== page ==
What do moderns consider “primitive” about such rituals? …Most likely it is the public nature of the ancient slaughtering process that is repellent to current tastes. We prefer to hide the procedure behind the walls of abattoirs where the animals are killed in a fashion no less bloody, but without making it necessary for the consumer to witness the life and death cycle, which goes into his pleasurable nourishment.
Moreover, even when we share with others in the eating process, we do not generally experience any of the genuinely worthy emotions, which were usually engendered by the sacrifices of old. In the root meaning of the English word, we do not “sacrifice” (that is, we do not render holy) anything when we eat.
This does not mean that our age ought to be ready for any reconsideration of cultic sacrifice. It does suggest that when seen in its own context the biblical order of animal offerings was a genuine form of worship that cannot be quickly dismissed with prejudicial contemporary judgments.
Many of you will remember last fall that I wrote a post called “Reading the Bible Through Ancient Eyes.” It was about hosting an Old Testament scholar from Uganda, Milly Erema, in my home and taking her to the Society of Biblical Literature meeting, where she impressed the scholars at an Old Testament session so much they invited her to speak at SBL this next year. I’m working with Milly on some writing because I’ve learned an enormous amount about the cultural world of the Bible from her. (See Reading the Bible with Rabbi Jesus for more about the peculiar problems that modern Westerners have with understanding their Bibles.)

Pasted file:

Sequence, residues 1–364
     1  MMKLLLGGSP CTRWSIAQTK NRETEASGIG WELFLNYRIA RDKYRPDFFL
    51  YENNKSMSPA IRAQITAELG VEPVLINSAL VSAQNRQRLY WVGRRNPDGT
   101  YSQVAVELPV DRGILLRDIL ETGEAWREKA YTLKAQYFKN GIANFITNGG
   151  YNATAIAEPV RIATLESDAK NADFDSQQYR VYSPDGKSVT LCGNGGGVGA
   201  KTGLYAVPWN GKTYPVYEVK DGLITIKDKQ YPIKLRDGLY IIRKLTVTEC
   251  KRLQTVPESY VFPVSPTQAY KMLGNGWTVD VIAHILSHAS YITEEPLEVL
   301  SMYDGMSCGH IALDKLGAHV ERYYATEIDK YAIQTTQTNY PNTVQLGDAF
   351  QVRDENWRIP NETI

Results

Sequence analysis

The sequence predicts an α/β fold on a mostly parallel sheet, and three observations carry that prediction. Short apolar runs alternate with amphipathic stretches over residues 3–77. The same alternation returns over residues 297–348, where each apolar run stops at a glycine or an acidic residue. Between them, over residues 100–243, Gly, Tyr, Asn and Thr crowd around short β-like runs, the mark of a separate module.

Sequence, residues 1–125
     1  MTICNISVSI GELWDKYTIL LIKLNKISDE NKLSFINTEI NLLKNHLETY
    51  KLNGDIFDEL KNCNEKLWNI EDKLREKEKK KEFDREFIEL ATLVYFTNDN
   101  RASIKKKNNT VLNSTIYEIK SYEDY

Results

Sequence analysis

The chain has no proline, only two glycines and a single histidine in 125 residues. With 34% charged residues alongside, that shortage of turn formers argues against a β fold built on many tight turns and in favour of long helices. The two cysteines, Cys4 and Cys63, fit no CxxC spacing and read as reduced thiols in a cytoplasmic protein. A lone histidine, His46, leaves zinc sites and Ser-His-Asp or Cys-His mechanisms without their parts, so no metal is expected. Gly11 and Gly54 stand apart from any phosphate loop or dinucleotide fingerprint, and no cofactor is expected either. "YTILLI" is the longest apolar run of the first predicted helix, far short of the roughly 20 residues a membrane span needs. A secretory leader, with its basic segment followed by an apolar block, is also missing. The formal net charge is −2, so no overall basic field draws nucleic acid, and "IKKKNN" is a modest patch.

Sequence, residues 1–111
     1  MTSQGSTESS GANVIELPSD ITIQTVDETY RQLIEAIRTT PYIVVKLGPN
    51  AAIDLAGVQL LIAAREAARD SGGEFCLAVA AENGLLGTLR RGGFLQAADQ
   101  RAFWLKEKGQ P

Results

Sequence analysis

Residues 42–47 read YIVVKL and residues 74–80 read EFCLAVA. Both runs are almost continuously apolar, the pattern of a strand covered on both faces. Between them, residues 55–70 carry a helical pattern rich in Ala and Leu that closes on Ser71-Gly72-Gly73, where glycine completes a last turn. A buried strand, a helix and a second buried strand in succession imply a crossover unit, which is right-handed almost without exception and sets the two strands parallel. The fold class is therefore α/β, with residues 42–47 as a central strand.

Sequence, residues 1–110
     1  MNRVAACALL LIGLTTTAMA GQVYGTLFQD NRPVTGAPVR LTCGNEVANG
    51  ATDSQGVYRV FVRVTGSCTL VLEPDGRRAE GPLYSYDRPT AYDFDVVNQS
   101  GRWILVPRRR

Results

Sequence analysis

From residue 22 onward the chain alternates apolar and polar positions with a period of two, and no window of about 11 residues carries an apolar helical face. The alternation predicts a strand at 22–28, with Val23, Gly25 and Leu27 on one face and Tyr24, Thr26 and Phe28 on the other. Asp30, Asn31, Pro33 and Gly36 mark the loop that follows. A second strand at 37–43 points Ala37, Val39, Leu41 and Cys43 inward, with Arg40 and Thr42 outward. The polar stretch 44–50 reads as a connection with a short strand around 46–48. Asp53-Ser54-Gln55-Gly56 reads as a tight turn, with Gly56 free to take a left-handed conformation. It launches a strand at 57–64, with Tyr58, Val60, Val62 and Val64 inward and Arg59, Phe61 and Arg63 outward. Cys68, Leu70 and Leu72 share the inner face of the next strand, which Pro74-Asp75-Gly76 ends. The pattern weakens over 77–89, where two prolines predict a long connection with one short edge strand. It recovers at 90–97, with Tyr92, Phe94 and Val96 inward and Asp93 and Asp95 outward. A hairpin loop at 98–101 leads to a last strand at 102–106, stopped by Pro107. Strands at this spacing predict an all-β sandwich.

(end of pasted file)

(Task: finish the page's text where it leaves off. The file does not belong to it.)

This past April I decided to visit her in Uganda – partly for the sake of writing, and partly because of her ministry which provides orphans and vulnerable youth with an education they could not get otherwise. Northern Uganda is one of the most devastated places on the planet because of war and dictators like Idi Amin. Milly grew up there, and is saving the lives of youths who have no hope of anything but utter poverty. By giving them an education and a strong faith in Christ she enables them to get good jobs and become community leaders who will mend their devastated country.
Personally I feel her ministry is extremely worthy of support – so much so that I traveled around the world to see it, and then spent months working on a website to get the word out. I just finished the site! Check it out: KingswayUganda.com.
I’ve written a few posts on the blog there, including even some about what I’m learning about my Bible from Milly. Like this post, “What Meals are Like at Kingsway,” for instance. If you like my writing, sign up to get Kingsway’s emails to stay in touch.
Milly has run Kingsway for years with almost no outside support, spending her own meager $4000/year college professor salary to keep it going. But because of COVID, inflation and drought, the school is facing a financial crisis this year.
Please seriously consider supporting this very worthy ministry. I personally guarantee you that your money will be spent very carefully and will help the poorest people on earth.